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Christian Music - Reviews, News, Interviews

Room to Breathe

  • reviewed by Andree Farias Copyright Christianity Today International
  • 2005 1 Mar
Room to Breathe
Sounds like … the accessible TRL-pop of Ashlee Simpson, Lindsay Lohan, Hilary Duff, and Avril LavigneAt a glance … after a steady progression on their previous two releases, ZOEgirl stalls a bit here on an album that doesn't push teen pop into much new territoryTrack ListingReason to LiveDead SeriousAbout YouScreamForevermoreThe Way You Love MeLet It OutGood GirlNot the OneSkin DeepSafe

As the only group that survived the Christian teen-pop bust of the early '00s—Plus One, True Vibe, V*enna, and many others who never lived to tell the story—ZOEgirl must be doing something right to stay relevant. Some of their peers dropped the choreographed moves and picked up instruments in hopes of a resurgence in popularity. Others went a more adult contemporary route. Some lost credibility with their label homes and were left out in the cold in no time. A few imploded on impact as soon as their debuts hit store shelves. ZOEgirl, however, kept racking up radio, retail, and fan support, becoming the commercial apple of Sparrow Records' eye. How'd they do it?

While many of these quasi-teen sensations tried their best to grow with their audience, ZOEgirl simply looked at market trends and wisely figured that young people no longer had an affinity for matching outfits and bubblegum pop. They turned to the semi-aggressive, grrl power pop/rock of artists like Avril Lavigne, infusing it with their own nonchalant, in-your-face brand of ministry-based lyricism. The result was the confident Different Kind of Free, an album that, in essence, seems to have served as the stepping-stone for their fourth release, Room to Breathe.

In it, the trio (Alisa Girard, Kristin Swinford, and Chrissy Conway) continues to further this uncomplicated, instrument-based new wave of teen-pop. Instead of following the blueprint of Lavigne, however, the ZOEs (or their producers, rather) are perhaps watching the market a bit too closely, now impersonating the canned-yet-highly accessible TRL-pop of new youth culture heroines Ashlee Simpson, Hilary Duff, and Lindsay Lohan. First Breathe single "About You" is a prime example, as the jangly pop tune could pass as the Christian alternative to Simpson's own "Pieces of Me," or the long-lost cousin of Lavigne's wet-behind-the-ears smash "Complicated." The track is nothing new—even the "it's-not-about-me" theme of the track sounds a bit clichéd—but I guess it works for listeners not attuned to pop culture.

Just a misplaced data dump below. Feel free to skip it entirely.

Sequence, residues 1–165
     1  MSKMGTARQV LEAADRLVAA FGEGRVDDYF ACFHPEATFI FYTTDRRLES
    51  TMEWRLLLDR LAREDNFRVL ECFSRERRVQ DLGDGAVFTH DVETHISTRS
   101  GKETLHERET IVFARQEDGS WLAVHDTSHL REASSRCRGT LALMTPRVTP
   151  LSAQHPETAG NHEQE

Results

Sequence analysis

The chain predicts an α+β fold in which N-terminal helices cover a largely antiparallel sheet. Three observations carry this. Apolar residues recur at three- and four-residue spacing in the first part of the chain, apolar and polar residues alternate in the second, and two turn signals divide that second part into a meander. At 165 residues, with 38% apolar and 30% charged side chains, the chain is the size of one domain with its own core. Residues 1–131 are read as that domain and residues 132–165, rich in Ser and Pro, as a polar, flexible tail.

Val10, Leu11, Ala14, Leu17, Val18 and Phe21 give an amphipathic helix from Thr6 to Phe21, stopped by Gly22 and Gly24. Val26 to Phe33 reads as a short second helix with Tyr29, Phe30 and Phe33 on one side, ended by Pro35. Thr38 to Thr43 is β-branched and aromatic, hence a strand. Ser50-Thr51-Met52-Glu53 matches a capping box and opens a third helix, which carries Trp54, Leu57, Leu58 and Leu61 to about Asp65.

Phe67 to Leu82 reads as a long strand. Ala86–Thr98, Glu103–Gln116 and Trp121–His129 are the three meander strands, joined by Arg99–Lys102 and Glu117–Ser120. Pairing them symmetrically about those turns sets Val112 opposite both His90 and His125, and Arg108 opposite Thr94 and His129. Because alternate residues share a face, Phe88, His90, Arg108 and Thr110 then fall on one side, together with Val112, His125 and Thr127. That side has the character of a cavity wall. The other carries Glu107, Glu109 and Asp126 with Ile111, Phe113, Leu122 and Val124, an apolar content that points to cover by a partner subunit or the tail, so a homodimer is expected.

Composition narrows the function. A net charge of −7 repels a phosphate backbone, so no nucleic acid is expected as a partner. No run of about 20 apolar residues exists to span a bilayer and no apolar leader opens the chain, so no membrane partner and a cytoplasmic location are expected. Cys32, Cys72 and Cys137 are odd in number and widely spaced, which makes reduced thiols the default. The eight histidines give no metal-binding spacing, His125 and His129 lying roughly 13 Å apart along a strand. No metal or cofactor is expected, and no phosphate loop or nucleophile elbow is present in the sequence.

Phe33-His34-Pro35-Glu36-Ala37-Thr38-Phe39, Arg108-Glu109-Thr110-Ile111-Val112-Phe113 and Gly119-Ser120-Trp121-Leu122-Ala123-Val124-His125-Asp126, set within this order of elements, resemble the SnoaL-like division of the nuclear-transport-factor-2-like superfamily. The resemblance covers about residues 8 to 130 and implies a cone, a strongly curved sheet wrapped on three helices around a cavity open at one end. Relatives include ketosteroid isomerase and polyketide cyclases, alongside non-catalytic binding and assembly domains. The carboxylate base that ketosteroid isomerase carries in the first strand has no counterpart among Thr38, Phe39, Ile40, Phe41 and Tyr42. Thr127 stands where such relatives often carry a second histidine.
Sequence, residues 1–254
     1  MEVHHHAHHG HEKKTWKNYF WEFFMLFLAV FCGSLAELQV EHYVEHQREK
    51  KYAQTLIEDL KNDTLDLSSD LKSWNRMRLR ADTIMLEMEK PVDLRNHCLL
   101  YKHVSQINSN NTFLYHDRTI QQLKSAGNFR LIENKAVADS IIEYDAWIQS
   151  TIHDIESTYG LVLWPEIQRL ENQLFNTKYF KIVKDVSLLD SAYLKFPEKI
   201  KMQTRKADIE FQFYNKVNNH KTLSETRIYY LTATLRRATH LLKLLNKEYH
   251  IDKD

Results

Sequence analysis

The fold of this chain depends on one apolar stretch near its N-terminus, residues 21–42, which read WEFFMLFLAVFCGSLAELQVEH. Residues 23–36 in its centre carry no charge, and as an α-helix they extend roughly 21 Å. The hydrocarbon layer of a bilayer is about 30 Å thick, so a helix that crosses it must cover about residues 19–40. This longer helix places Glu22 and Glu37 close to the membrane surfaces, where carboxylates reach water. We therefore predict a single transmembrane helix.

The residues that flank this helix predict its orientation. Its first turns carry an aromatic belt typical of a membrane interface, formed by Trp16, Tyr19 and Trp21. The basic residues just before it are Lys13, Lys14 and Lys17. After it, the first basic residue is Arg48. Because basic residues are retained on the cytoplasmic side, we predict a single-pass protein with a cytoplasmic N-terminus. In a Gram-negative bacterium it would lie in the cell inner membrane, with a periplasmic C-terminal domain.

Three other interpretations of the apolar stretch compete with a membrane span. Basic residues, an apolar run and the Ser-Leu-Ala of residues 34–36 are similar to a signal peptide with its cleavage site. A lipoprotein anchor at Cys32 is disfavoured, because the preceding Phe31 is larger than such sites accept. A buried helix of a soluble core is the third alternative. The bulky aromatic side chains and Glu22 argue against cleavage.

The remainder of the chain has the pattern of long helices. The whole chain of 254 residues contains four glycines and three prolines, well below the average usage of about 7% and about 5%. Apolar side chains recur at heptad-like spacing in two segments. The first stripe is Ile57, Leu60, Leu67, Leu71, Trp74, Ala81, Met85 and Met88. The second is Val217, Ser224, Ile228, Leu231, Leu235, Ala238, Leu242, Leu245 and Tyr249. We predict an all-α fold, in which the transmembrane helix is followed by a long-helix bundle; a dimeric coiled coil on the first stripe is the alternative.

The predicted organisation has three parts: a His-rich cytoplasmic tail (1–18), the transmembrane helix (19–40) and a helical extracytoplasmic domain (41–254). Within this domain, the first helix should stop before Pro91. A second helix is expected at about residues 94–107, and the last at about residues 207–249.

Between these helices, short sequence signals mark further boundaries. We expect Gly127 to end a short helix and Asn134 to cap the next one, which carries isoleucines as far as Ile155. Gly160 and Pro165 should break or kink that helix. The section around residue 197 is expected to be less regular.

Elsewhere on the album, the pseudo rock of Disney debutante Lohan gets a nod in "Let It Out," which also boasts fuzzy guitars and top-of-the-lungs chorusing, not unlike (once again) Simpson's non-hit "La La." Hilary Duff too gets a bit of primetime with "Reason to Live," a simple, breezy pop tune tune that recalls Duff's single "Come Clean."

When they're not referencing other underage divas, the group turns to itself for inspiration. "Scream" sounds like the "Unbroken" (off Different Kind of Free) of this album, a grand, ultra-melodic ballad that speaks boldly to teens who cut themselves in order to channel their inner fears. Worshipful semi-rocker "Forevermore" is a rewiring of the group's own "Beautiful Name," both in arrangement and speed. "Not the One" is a thematic revisiting of "Dismissed," a one-way dialog where the girls tell their no-good love interests to take a hike. And the aforementioned "Reason to Live" is not too dissimilar from many of the group's "mission statement" songs ("I Believe," "With All of My Heart").

That's not to say the set doesn't have a few knockout, original numbers. Despite its somewhat embarrassing lyrics, the Mark Heimermann-produced "Dead Serious" is a terrific pop song. "Skin Deep" is a smooth, nicely written ode to self-worth based around acoustic strums and an uncommon melody. And, despite its campiness, "Let It Out" still works as a fun, slumber-party-pillow-fight-type romp.

Ultimately, the thing that's most noticeably absent from Room to Breathe is a willingness to try new things. Their first foray into girlie rock a couple of years back was a welcome one because it happened right along with their mainstream counterparts. Not only that, but Different Kind of Free was all over the place stylistically, with bits of synth-pop, urban, and disco gracing many of the tracks. By contrast, Room to Breathe is a bit too comfortable, in the same way that the copious Avril Lavigne clones of today are too comfortable. Additionally, though teen girls are the group's target audience, they don't need a "mission statement" song or a "bad boy" song or a "girl power" song on every album. Teens do appreciate introspection, transparency, and variety, so an effort where the girls of ZOE lay their hearts (as opposed to their listeners') on the line would perhaps be more impactful. ZOEgirl may be allowing themselves room to breathe, all right, although in practice the project is gasping for a bit of the growth from efforts past.